In recent years, writers have begun to make up a larger and larger percentage of the attendees. In my opinion, we should do all we can to reverse that trend. Without readers, we're just writing for ourselves--a fine hobby, but not nearly as much fun as having an audience. In particular, I'd love to see the people who are relatively or completely isolated as lesbians/bisexual/trans women in their communities. I live in New York City, a place where you can't sneeze without hitting a gay person, yet I get a real high from being surrounded by women with whom I have one big thing in common. Well, two. Besides being gay, we all love reading and writing, or we love a woman who does.

I've been a member of GCLS since the beginning, and I will acknowledge that there have been some growing pains through the years. But the current board has learned from the mistakes of the past and seem to me to be committed to making this an inclusive, open-minded, fiscally sound group that's worthy of your support. But even if you don't care about the organization, I can guarantee some fun times after the official schedule is finished for the day. It's fun to take over the bar in a big hotel and let the female energy flow!

Next year's Con is in Chicago, a place I lived for much of my young adult life, and the place I met my wife. I'm very much looking forward to going, and if you need any convincing, drop me a note. I can be very persuasive .

Thursday, March 6, 2014

March 6

Today's an important day for me. It's the birthday of two people who had outsized impacts on my life: my dad and my dear friend Anne Brisk.

My dad died a few years before I met Anne, but I'm certain they would have loved each other. They were, in many ways, alike. Both were a bit larger-than-life, both loved a well-made drink, and both loved to tell and listen to a good story.

Now that I think of it, both of them came from similar backgrounds. My dad was happy to stay in his blue-collar, lower middle class slot, but Anne longed for the big city, big culture and big ideas. Luckily, she was able to move to NYC as a young woman. Few people appreciate what the city had to offer as much as she did, and she spent her free time gobbling it up.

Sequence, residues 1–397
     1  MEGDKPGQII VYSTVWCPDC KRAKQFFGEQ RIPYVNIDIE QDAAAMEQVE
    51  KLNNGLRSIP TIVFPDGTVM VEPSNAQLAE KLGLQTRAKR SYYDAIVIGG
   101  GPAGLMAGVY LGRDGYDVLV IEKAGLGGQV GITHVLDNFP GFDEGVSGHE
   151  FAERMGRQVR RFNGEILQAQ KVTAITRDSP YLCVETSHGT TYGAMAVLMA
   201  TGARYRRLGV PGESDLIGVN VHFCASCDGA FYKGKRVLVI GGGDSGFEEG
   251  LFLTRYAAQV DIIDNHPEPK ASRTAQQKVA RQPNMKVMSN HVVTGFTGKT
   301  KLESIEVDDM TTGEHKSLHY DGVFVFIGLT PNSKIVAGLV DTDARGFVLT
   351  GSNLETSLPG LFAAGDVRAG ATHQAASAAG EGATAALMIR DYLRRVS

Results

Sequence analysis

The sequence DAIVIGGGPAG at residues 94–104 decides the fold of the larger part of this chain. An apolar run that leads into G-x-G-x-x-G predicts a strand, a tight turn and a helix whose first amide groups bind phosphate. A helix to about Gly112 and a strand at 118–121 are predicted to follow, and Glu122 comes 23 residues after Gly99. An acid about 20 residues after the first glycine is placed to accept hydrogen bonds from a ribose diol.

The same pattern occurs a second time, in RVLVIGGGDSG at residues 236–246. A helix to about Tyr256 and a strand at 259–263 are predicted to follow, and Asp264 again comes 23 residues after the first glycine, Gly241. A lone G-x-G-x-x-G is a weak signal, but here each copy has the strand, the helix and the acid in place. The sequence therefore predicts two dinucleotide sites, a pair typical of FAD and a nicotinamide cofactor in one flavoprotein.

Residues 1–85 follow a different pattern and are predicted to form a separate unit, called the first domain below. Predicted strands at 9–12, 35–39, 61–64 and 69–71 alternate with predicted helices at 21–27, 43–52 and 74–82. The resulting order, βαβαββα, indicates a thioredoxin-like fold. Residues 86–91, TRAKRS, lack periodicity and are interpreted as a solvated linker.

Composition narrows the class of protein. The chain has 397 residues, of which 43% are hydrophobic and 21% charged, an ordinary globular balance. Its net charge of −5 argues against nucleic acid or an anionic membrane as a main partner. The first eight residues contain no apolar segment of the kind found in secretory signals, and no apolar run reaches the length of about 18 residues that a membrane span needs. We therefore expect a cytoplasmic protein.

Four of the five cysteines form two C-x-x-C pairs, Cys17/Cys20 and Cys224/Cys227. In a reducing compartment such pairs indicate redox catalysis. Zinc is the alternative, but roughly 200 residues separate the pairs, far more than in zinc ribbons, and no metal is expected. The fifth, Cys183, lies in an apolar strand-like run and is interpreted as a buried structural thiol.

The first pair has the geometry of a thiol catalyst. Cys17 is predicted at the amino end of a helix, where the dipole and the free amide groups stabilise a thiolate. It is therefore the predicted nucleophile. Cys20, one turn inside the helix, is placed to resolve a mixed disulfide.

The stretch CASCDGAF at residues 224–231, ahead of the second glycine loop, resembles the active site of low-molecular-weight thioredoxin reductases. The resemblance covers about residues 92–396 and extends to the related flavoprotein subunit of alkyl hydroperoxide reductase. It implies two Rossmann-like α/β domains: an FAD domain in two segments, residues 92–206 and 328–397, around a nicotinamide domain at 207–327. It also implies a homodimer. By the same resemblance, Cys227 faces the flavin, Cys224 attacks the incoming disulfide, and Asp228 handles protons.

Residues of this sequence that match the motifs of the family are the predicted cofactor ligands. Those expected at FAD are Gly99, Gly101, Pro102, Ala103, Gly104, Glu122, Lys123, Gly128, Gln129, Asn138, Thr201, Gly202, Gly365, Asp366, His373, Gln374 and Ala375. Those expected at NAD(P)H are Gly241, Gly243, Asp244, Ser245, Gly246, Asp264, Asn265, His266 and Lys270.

My dad, on the other hand, was really content to sit in his back yard and listen to the Cardinals on the radio. Every year my mother tried to get him to go to Europe with her. She'd never been, and really had a strong desire to see at least a few parts of it. His answer was always the same. "I've been there." My mom would remind him that going over on a troop transport in 1943 and laying sewer pipe in Belgium for a couple of years was not quite the same as flying over and seeing La Tour Eiffel. But he was unbending. He had simple tastes, simple needs, and loved predictability. Luckily, my mother outlived my dad and finally got to travel a little. God knows my dad would never have changed his mind!

I learned to listen to people and their stories from my dad, and I learned to write stories in a better way from Anne. I owe them both more than I can say, but all I can do for either of them at this point is remember them. They say you live until no one thinks of you any longer. Both of them will continue on as long as I'm alive.

Thursday, February 27, 2014

Why It's So Much Fun To Live With Me

Last night, my wife and I were to meet at a restaurant in Manhattan at 6 pm before going to see a play.

We live in Brooklyn, and my usual train is about 17 stops from 42nd St. I usually take the "F," but the "G" also stops at the same station.

Let me make it clear that I have no sense of direction. I'm also prone to being distracted, especially when I'm in a good writing mood--which I am at the moment.